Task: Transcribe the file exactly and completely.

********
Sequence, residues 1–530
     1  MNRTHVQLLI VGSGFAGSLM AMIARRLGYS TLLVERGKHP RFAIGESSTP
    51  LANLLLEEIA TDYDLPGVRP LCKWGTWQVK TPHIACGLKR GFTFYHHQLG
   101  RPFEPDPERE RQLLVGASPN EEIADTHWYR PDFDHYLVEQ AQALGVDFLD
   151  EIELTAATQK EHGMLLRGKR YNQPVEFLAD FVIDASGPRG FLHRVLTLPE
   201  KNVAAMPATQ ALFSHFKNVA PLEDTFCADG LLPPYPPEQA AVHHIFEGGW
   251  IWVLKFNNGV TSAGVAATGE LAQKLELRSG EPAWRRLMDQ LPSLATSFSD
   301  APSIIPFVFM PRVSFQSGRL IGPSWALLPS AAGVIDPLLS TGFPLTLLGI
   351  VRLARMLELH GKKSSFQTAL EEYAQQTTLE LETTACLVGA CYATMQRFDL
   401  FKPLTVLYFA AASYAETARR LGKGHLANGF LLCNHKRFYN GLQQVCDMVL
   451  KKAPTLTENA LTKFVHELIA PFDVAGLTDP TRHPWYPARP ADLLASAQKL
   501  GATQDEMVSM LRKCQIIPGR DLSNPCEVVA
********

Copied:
Sequence, residues 1–530
     1  MNRTHVQLLI VGSGFAGSLM AMIARRLGYS TLLVERGKHP RFAIGESSTP
    51  LANLLLEEIA TDYDLPGVRP LCKWGTWQVK TPHIACGLKR GFTFYHHQLG
   101  RPFEPDPERE RQLLVGASPN EEIADTHWYR PDFDHYLVEQ AQALGVDFLD
   151  EIELTAATQK EHGMLLRGKR YNQPVEFLAD FVIDASGPRG FLHRVLTLPE
   201  KNVAAMPATQ ALFSHFKNVA PLEDTFCADG LLPPYPPEQA AVHHIFEGGW
   251  IWVLKFNNGV TSAGVAATGE LAQKLELRSG EPAWRRLMDQ LPSLATSFSD
   301  APSIIPFVFM PRVSFQSGRL IGPSWALLPS AAGVIDPLLS TGFPLTLLGI
   351  VRLARMLELH GKKSSFQTAL EEYAQQTTLE LETTACLVGA CYATMQRFDL
   401  FKPLTVLYFA AASYAETARR LGKGHLANGF LLCNHKRFYN GLQQVCDMVL
   451  KKAPTLTENA LTKFVHELIA PFDVAGLTDP TRHPWYPARP ADLLASAQKL
   501  GATQDEMVSM LRKCQIIPGR DLSNPCEVVA